- CUPE Award for Excellence in Teaching (2013-2014)
Mr. Purcell has taught a wide range of biological anthropology courses at Trent since 2006, working at both the Peterborough and Oshawa campuses. His research focuses on the biology of poverty, epidemiology, and the design of evolution-informed public health interventions. In his teaching, Mr. Purcell explores how evolutionary and cross-cultural perspectives can be applied to understanding contemporary human health problems and behavior.
Mr. Purcell’s students praise the effort he puts into providing them with feedback, saying that the communication and inquiry skills fostered in his courses will serve them well in their other studies and beyond the institution's walls.
“I am extremely honoured to receive this recognition and award,” Mr. Purcell said, adding that Trent provides the right kind of environment to encourage outstanding teaching. “Credit for this award must also be shared with the many engaged and enthusiastic Trent students I have had the pleasure to work with and who have provided much inspiration over the years.” Mr. Purcell also offered heartfelt gratitude to colleagues in the Department of Anthropology for their strong support and assistance.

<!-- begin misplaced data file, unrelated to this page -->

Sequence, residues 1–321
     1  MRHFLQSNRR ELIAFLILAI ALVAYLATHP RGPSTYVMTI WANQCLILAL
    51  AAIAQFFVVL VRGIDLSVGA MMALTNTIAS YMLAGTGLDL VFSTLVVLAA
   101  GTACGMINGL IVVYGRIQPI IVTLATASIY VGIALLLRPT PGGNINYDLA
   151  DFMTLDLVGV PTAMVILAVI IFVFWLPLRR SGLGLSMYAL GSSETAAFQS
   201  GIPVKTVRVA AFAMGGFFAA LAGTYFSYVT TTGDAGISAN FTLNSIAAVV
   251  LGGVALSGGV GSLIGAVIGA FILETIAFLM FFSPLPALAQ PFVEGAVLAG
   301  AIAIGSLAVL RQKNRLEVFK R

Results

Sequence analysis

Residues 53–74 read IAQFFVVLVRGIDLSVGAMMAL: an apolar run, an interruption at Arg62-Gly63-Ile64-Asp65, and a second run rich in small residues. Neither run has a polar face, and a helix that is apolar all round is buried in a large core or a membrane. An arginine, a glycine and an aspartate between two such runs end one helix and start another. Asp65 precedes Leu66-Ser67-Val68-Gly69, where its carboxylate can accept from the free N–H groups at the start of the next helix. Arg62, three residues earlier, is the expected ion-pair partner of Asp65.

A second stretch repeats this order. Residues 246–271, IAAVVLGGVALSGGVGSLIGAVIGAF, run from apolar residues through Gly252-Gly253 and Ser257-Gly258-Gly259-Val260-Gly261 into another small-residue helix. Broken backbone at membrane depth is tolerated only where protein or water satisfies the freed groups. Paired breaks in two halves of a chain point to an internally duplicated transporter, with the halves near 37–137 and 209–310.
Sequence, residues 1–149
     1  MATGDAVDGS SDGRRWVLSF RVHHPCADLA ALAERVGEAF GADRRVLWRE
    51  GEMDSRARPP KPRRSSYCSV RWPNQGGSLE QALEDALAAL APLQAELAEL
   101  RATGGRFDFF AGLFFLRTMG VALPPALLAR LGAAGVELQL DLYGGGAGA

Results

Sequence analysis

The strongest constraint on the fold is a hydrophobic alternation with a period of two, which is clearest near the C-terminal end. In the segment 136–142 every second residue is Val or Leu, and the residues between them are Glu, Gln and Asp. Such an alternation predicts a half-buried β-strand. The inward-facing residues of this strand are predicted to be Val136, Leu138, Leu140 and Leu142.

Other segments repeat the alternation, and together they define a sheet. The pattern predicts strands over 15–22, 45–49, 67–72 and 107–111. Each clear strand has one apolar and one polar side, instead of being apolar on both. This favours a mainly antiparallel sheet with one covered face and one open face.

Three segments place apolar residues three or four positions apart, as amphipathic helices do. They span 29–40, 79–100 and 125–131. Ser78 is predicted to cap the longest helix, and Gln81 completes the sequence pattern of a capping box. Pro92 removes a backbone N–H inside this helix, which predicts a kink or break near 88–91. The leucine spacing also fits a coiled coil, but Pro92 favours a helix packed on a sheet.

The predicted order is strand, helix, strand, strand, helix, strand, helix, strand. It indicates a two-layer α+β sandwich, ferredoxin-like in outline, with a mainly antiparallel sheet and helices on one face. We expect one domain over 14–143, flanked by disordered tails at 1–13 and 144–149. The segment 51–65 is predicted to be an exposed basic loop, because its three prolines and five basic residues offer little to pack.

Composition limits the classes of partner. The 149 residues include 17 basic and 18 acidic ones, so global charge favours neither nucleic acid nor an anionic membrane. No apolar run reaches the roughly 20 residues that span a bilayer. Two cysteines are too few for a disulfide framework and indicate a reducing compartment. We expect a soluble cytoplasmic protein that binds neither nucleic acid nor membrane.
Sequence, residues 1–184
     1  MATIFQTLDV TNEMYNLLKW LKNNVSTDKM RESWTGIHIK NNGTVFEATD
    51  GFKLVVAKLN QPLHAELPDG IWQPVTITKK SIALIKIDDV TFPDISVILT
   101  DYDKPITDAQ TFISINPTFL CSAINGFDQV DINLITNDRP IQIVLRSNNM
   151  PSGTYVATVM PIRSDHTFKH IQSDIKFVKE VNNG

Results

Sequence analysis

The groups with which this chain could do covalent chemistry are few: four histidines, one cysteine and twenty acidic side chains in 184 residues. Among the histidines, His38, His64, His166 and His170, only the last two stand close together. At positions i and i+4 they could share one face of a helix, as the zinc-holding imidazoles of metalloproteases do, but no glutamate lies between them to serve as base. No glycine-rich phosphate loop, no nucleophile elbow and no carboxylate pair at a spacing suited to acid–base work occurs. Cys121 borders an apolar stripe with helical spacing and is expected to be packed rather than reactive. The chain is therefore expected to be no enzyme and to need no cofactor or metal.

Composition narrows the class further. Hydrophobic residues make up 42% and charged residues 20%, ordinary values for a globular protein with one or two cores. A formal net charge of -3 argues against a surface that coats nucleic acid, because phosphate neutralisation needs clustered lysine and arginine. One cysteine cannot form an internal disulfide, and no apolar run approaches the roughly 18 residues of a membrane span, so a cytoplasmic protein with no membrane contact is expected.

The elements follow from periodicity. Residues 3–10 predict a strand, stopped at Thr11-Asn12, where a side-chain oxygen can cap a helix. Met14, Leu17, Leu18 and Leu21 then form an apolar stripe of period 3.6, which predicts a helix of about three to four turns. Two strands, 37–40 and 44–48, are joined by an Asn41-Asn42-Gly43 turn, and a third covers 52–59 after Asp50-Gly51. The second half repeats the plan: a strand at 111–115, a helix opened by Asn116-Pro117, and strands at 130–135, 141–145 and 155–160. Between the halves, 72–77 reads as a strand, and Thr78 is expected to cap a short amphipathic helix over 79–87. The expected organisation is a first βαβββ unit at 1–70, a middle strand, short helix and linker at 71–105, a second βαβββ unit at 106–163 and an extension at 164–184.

In addition to teaching at Trent, Mr. Purcell credits his long-standing work with the Centre for Addiction and Mental Health (CAMH) in Toronto for providing him with inspiration in the classroom. Currently working with the Emergency Department at CAMH, his previous research focused on the design and implementation of public health interventions aimed at reducing harm and risk in the community. Mr. Purcell and his wife, Kelly, live on a farm near Omemee, Ontario, and are currently researching sustainable farming practices and food production.